Expensive components and gamer expectations are causing Sony a headache when it comes to pricing the PlayStation 5, with the console’s high-end parts threatening to put it out of reach of many would-be owners. Sony is expected to release the PS5 this coming holiday season, but rumors from inside the company suggest growing anxieties about just how high a price tag the console can bear.
Expectations for performance are, unsurprisingly, high. Sony hasn’t stinted on promises about the PS5’s specifications and capabilities, including a beefy 8-core, 16-thread processor, a custom AMD Navi GPU, custom SSD storage, and 8K resolution support.
That all comes at a cost, of course. Concerns within Sony are that the bill of materials for the new console could hit around $450 per unit, Bloomberg reports. That’s being blamed on a combination of high-end specs and the parts Sony has earmarked being in relatively short supply.
Sony’s challenge – as, indeed, is Microsoft’s – is building a console with cutting-edge specifications, and the longevity to last in line with owners’ expectations, without reaching “gaming PC” price levels. The biggest problem, it’s reported, is getting enough memory.
That means both RAM and NAND flash storage, adequate amounts of each of which are essential if Sony wants game developers to be free to create titles that show off the PS5’s potential. Both RAM and NAND are in high demand, however, with Sony’s buyers going up against smartphone-makers along with PC companies and others. Manufacturers of the very fastest examples of both memory are in short supply.
It’s not the only expensive part that Sony is using, mind. According to insiders, the company has already settled on most of its parts for the PlayStation 5, and some are unusually expensive. Cooling for the next-gen console, in particular, has become a more pricey part than expected: a few dollars per unit, rather than under a dollar.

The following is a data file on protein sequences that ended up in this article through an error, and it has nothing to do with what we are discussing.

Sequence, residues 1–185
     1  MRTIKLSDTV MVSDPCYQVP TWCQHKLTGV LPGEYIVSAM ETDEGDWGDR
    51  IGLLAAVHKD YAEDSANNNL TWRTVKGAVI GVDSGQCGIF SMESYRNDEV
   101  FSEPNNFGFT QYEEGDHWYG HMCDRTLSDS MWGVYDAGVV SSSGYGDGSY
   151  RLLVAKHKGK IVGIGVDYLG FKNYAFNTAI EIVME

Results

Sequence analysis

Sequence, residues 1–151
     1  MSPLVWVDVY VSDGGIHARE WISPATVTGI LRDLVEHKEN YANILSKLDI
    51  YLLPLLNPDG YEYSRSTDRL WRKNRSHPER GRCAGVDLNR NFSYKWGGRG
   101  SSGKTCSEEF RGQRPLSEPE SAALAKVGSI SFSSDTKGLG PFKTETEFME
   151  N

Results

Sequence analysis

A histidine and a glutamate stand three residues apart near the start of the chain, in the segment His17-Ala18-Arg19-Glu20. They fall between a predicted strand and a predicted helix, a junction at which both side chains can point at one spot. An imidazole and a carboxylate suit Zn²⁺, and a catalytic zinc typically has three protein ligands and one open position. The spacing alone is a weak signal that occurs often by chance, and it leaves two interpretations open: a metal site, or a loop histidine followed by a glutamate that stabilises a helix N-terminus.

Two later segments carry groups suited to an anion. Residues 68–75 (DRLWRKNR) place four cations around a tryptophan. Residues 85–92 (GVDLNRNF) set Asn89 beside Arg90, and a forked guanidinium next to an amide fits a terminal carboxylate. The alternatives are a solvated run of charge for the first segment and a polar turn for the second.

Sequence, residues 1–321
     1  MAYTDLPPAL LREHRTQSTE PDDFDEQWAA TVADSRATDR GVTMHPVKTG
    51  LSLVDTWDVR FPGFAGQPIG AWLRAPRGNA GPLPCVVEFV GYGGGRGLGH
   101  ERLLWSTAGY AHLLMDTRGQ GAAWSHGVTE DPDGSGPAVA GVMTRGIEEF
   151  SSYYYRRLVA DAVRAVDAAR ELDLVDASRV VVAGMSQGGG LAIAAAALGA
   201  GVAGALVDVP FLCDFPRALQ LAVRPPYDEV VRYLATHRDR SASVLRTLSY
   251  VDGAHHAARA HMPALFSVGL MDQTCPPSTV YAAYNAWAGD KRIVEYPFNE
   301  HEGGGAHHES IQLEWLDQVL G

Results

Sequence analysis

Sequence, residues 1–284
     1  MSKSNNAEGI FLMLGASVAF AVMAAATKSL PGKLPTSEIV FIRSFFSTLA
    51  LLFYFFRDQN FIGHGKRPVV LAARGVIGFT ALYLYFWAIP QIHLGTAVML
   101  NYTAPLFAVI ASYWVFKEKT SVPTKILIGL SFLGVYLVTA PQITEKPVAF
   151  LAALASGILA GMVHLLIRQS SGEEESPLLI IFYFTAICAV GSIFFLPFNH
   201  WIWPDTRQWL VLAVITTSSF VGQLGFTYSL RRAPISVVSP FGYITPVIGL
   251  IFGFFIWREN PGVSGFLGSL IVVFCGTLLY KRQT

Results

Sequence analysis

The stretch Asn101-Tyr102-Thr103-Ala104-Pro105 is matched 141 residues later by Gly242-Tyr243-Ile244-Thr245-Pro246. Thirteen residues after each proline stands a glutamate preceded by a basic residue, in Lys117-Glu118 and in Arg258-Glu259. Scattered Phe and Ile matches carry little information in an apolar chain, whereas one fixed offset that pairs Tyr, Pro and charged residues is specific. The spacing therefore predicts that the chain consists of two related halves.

Sony has apparently opted for a more capable cooling system out of a surfeit of caution. After all, saving a little on the bill of materials (BoM) today would be for naught if the PlayStation 5 ended up overheating when gamers were using it.
Although it may not talk about it publicly at the time, Sony is believed to typically set the sticker price for its new console in February of the year it will launch. Production then ramps up in the spring, in time for a holiday season release. That, though, is not believed to be exactly the case for the PlayStation 5.
Instead, Sony is said to be holding off on fixing its retail price until it sees what Microsoft is doing. A “key factor” in figuring out just how much they can ask for the PS5 will be seeing where the Xbox Series X is set. That’s not expected to be revealed until E3 2020, which will take place this coming June.
The reality is that, through a combination of familiarity and price promotions, the current generation of consoles have drifted down to far more attainable price points than they were at launch. The PlayStation 4, for example, was released at $399 back in 2013. Today, you can pick up a PlayStation 4 Slim for $249.
Some degree of sticker shock is likely to be inevitable for the PS5, then. That’ll be doubly the case if Sony decides not to soak up some of the expensive BoM itself, and slaps its usual margin atop the rumored $450 cost of manufacturing. Then, we could see the PlayStation 5 drift up to $470-$500, still competitive compared to a gaming PC, but a new milestone in expense for a console from the company.